Rise in Cybersecurity Risks Leads to Massive Increase in IT Security Jobs

There has never been more demand for IT professionals with the proper security credentials and experience. These jobs are going to be the main part of the tech industry market for the next five years at least, but it is becoming only more difficult to find professionals in a market short on candidates. There is a big discrepancy between supply and demand in data security, which is only fuelling the creation of more IT data security jobs.

Sudeep Dharan, the chief technology officer for Acendre, believes that the problem boils down to two things. First, there needs to be long-term workforce planning that can anticipate what is needed and find the staff for the job. Second comes engaging and developing talents that are already working for you. You never know; you might have had a diamond in the rough this whole time without realising it.

There is some thought that must be put into planning ahead and getting and retaining the best talent on the market. The modern job trends show us that there is a higher preference for flexible work and the average tenure at a company is lower. Businesses have found themselves struggling with accommodating for these needs. It is up to organizations to be proactive in their approach to workforce planning and should avoid just looking to recruit and fill the available jobs.

There is currently an extremely competitive war for tech talent in Australia at the minute. Things are so rough that many organizations are looking to fill their gaps in critical skills by looking offshore. It takes a lot of effort and resources to pull in the best in tech talent. It also takes a focused and targeted approach. It doesn’t matter how great your recruitment efforts are if you don’t have a great onboarding strategy to support it and bring talent in.

To keep it short and simple; organizations must look for the right talent at all times and grab any good talent they come across. The IT tech market is a buyers’ market right now. Grab all the talent you can as soon as you can, or someone else will get them. This doesn’t mean you should take just anyone. Doug Walker, an employee of One Identity, an identity & access management software company, went through 7 interviews and a testing simulation before being hired. Hiring the wrong talent can cost companies millions of dollars.

The keys to retaining talent once they have been recruited are developing and training them. Training and development programs must be in place to keep employees satisfied and ensure they stick with the organisation for as long as they possibly can. If you aren’t providing them with the satisfaction and growth that they desire, they will find another employer who can do that for them.

Organizations must also consider training to be a continuous and ongoing process. It takes never-ending investment. As the technology an employee uses evolves, the teams using the technology must evolve and adapt to it. Millennials in particular will not stick with a company that doesn’t offer them sufficient training and allows their development to stagnate.

When an employer sponsors and supports training events it shows their staff they are actively investing in the professional development of employees, and it also benefits and protects the organisation as a whole. Continuing to train your staff ensures they have all the skills they need to tackle any challenge that might befall the organisation.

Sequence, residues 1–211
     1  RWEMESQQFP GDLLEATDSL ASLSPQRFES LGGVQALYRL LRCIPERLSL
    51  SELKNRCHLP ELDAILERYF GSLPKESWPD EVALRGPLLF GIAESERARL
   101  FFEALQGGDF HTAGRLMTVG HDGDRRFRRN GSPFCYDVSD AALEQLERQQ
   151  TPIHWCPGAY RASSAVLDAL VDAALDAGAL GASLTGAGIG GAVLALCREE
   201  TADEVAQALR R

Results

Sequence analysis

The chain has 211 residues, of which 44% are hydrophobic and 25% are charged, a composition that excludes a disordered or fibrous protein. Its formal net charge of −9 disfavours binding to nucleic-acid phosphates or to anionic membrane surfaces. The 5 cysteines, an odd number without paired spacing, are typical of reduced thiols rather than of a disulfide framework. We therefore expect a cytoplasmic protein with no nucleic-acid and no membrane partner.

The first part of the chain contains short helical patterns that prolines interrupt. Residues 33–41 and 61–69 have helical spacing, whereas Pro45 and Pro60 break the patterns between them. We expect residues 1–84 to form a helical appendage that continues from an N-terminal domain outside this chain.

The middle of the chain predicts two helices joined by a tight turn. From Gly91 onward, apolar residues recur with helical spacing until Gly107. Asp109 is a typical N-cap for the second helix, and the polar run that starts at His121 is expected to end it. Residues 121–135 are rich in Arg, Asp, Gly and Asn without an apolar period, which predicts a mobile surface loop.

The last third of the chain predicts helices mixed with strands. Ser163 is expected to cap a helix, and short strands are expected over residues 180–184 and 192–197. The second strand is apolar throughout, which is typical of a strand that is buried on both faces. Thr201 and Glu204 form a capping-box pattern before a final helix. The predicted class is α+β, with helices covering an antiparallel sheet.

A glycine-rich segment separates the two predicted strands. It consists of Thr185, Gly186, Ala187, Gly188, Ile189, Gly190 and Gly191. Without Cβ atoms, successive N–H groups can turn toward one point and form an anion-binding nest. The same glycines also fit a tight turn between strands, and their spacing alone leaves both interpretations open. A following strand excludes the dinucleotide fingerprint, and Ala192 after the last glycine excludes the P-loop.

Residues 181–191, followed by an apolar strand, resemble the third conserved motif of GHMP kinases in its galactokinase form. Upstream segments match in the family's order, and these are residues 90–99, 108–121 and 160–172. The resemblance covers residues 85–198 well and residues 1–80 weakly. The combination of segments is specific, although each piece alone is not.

The old days – where employees would spend their whole working life at a single company – are gone. The modern worker prefers to work for the companies that excite, challenge, and reward them. They won’t work for a company just because it happens to be the oldest, largest, or supposedly most desirable organisation in their field. Many people actually prefer working for high-risk start-ups because of the fast pace things move at there.

On the other hand, an organisation will inherently place a high value on an employee that matches their strategic plans. They need employees they know will fit their needs. Sometimes this just isn’t possible without the organisation engaging these employees and creating organisational missions, values, and visions.

It is absolutely vital that the onboarding process of a company clearly states the values of the company and that companies take employees who want to work for them. The next step is to ensure that these employees are satisfied. Check-in on their satisfaction and promote it through processes and activities such as reviews, team-building exercises, and by offering them flexible working conditions. This ensures the staff there to improve organisational performance are the right fit for the company culture.

There are a range of challenges businesses face when they hier local IT talent, but there are also ways to overcome these challenges. One of the big challenges facing Australia right now is that there is a major lack of cyber-security skills. Other countries, like Japan and Mexico, have much more talent available. Even when attempting to entice employees by offering them higher wages, there’s only so much that can be done with a lack of local talent.

The shortage of talent does more than just burden other employees and increase their workload; it also compromises the security of their data. The Australian government recently pledged $1.9 million to universities to combat this shortage, and it is certainly a good start, but it really isn’t enough solve the problems that exist today. It is an investment in the future.

Some suggest that it is possible to take advantage of the immigration ban issued by President Trump to acquire cyber experts no longer welcome in the US. This approach might sound a little drastic, but it does also highlight an incredible opportunity businesses can take.

Organizations should be considering offering incentives such as visa support and accommodating for team structures based on contractors. There are shortages in talent in places like the UK and Canada as well, which is why Australian companies need to be vigilant and competitive in their approach to recruiting talent while getting government support.